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4 reasons your obstetrician might induce labour

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Most pregnancies progress normally and end with a healthy baby. Occasionally, an obstetrician must induce a pregnant woman; this means the doctor does something to stimulate labour. Here are four reasons a labour induction may be ordered:

1. Your baby is overdue

A normal pregnancy is 40 weeks. If a woman goes more than two weeks past her due date, problems can arise. The baby will continue to grow and may make a natural childbirth more difficult.  The obstetrician may then need to deliver the baby by Caesarean birth.

The woman may also develop high blood pressure, gestational diabetes, preeclampsia, separation of the placenta from the uterus and reduced amniotic fluid.

2. Your water has broken early

If the amniotic sac breaks prematurely but labour doesn't start on its own, the woman is at increased risk of a uterine infection and the baby may become distressed. If the foetus has developed sufficiently, the obstetrician will induce labour.

3. Your labour is not progressing

A woman's amniotic sac may break at 40 weeks but, for whatever reason, labour does not always begin as expected. Or, labour may start but rather than continue, it stalls. This is usually because the contractions are not strong enough to dilate the cervix. Many obstetricians recommend the woman get up and walk to see if the contractions strengthen.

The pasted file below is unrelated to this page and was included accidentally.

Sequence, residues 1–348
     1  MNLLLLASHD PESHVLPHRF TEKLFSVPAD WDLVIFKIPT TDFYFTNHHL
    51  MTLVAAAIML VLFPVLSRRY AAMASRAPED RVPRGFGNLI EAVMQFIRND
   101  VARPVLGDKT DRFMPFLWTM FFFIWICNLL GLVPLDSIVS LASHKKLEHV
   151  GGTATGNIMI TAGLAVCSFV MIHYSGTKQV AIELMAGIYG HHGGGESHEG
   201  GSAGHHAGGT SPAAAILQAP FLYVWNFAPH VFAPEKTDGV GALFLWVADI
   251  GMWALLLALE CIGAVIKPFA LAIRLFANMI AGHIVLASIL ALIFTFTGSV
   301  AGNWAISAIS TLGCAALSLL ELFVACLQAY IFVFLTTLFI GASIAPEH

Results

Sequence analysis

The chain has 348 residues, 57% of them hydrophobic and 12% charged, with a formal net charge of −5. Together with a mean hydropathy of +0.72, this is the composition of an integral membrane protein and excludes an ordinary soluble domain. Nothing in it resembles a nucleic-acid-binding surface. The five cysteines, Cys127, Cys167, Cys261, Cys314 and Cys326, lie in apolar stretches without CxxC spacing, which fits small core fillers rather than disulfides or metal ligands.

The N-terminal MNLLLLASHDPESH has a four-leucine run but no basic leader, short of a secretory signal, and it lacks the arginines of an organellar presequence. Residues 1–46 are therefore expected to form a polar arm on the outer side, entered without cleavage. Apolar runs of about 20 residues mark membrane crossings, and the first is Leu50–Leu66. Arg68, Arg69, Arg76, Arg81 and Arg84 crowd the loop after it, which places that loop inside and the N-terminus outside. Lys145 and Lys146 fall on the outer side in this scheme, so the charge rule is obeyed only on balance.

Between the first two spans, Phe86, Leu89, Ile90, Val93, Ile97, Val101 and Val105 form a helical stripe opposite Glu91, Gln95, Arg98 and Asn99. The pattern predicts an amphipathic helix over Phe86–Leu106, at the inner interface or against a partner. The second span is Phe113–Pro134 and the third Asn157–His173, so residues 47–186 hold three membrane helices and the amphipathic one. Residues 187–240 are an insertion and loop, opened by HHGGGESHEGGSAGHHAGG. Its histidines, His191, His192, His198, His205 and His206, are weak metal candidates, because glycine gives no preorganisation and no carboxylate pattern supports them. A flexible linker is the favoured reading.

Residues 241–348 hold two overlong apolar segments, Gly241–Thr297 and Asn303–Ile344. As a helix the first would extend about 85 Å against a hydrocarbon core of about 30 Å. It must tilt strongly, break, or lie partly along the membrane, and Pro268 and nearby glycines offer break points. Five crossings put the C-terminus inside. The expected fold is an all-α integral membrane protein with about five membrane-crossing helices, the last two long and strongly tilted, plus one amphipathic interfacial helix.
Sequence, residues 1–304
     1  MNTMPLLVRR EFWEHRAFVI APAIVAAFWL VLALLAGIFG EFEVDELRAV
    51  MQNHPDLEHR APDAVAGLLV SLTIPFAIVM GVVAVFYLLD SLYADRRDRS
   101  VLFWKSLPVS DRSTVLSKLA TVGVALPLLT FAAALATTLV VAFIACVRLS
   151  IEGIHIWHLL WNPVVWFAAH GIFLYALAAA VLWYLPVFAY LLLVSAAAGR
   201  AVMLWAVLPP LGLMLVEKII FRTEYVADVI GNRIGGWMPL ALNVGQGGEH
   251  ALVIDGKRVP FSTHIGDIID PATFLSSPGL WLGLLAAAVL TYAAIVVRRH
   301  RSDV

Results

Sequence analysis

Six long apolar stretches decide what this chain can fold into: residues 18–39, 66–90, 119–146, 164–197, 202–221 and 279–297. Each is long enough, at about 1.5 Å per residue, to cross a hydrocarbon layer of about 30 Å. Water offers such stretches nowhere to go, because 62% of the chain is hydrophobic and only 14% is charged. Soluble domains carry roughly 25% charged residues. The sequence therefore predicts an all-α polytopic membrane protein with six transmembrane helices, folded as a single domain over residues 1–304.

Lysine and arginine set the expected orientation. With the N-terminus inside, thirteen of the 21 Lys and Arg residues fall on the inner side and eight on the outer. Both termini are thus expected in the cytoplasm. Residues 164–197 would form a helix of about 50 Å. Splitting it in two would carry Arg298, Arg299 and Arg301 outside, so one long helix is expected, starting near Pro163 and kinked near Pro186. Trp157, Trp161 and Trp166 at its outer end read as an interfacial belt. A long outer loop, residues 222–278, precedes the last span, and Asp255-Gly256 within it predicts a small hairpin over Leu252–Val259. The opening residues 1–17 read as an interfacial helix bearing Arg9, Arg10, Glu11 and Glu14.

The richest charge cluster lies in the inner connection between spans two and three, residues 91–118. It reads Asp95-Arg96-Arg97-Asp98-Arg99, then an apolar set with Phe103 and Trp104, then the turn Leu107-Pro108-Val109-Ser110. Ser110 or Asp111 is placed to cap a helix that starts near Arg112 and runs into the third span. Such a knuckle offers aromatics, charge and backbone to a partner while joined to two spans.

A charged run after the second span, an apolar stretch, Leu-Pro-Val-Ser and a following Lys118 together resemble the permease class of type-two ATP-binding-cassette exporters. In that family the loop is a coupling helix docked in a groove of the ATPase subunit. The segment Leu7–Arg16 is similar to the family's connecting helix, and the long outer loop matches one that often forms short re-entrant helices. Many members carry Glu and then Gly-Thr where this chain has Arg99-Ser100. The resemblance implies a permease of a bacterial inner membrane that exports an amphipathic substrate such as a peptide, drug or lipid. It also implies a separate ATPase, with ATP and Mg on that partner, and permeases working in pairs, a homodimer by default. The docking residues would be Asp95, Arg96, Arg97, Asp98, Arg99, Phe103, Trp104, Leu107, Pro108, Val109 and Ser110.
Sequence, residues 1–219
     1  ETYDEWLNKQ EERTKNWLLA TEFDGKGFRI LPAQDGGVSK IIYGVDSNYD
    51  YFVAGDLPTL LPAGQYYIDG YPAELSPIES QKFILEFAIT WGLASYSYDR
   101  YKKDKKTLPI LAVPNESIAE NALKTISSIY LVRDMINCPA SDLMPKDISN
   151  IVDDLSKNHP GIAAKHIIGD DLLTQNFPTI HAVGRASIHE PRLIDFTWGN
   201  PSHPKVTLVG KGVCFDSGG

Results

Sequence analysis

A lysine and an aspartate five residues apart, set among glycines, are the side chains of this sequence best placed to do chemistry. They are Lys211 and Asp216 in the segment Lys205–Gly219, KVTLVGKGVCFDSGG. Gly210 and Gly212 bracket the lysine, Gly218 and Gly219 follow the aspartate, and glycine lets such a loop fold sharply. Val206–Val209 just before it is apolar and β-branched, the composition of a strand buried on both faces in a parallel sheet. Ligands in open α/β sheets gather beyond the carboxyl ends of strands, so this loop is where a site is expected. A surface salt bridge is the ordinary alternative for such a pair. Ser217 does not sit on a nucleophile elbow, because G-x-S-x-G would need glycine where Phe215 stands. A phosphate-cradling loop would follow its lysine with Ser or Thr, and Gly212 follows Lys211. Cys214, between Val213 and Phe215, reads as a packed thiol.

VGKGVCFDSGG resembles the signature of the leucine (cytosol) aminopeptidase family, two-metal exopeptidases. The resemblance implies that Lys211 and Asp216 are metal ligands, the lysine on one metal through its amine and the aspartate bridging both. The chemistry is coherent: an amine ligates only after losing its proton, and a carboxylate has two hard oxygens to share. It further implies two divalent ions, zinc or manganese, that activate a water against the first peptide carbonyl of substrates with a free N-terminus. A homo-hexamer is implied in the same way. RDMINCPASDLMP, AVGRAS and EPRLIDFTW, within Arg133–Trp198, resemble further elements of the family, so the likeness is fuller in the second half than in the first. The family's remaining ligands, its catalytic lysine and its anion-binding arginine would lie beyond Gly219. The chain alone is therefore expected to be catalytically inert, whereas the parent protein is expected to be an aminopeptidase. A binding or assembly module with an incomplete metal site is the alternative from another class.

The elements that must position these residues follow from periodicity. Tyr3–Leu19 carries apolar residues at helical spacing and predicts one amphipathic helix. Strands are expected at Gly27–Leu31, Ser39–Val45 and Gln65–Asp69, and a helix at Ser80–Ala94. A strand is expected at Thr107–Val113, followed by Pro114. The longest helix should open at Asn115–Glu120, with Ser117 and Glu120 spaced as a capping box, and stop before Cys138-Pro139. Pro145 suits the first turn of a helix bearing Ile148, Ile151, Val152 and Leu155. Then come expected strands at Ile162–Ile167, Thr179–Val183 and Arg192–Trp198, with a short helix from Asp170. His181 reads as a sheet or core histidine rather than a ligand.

Some doctors recommend the woman stimulate her nipples. Rubbing and pinching the nipples causes the body to release oxytocin, a hormone which helps to stimulate labour, among other things.

If neither of these methods trigger labour to progress and the cervix to dilate more, the obstetrician may place a prostaglandin suppository in the vagina. This will usually increase the severity of the contractions, which will in turn cause the cervix to dilate.

Another method of labour induction when labour is not progressing is manually rupturing the amniotic sac, if it hasn't already ruptured on its own. The obstetrician inserts a small plastic hook into the vagina and through the cervix to reach the amniotic sac and rip the amniotic sac open. This will stimulate the body to produce prostaglandin. An obstetrician may also decide to administer the chemical Pitocin intravenously. This almost always stimulates a stalled labour and strengthens contractions.

4. You live far from hospital

If you live a considerable distance from medical facilities, your obstetrician may decide to induce you at 39 weeks or whenever he or she feels your body is close to delivery.

For more information, contact an obstetrician in your area today.